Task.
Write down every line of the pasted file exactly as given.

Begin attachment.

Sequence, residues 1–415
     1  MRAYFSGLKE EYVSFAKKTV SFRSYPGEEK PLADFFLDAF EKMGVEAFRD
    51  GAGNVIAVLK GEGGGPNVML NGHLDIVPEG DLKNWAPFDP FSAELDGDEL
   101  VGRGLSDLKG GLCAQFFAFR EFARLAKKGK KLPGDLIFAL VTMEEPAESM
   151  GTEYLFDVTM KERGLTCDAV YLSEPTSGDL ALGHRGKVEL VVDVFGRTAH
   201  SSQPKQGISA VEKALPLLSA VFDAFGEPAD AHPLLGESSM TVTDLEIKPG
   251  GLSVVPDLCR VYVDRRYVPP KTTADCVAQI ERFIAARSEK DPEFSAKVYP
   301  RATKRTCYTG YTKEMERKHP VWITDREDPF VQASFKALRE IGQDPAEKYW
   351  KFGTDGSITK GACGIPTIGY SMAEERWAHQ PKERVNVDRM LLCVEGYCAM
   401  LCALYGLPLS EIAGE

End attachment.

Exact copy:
Sequence, residues 1–415
     1  MRAYFSGLKE EYVSFAKKTV SFRSYPGEEK PLADFFLDAF EKMGVEAFRD
    51  GAGNVIAVLK GEGGGPNVML NGHLDIVPEG DLKNWAPFDP FSAELDGDEL
   101  VGRGLSDLKG GLCAQFFAFR EFARLAKKGK KLPGDLIFAL VTMEEPAESM
   151  GTEYLFDVTM KERGLTCDAV YLSEPTSGDL ALGHRGKVEL VVDVFGRTAH
   201  SSQPKQGISA VEKALPLLSA VFDAFGEPAD AHPLLGESSM TVTDLEIKPG
   251  GLSVVPDLCR VYVDRRYVPP KTTADCVAQI ERFIAARSEK DPEFSAKVYP
   301  RATKRTCYTG YTKEMERKHP VWITDREDPF VQASFKALRE IGQDPAEKYW
   351  KFGTDGSITK GACGIPTIGY SMAEERWAHQ PKERVNVDRM LLCVEGYCAM
   401  LCALYGLPLS EIAGE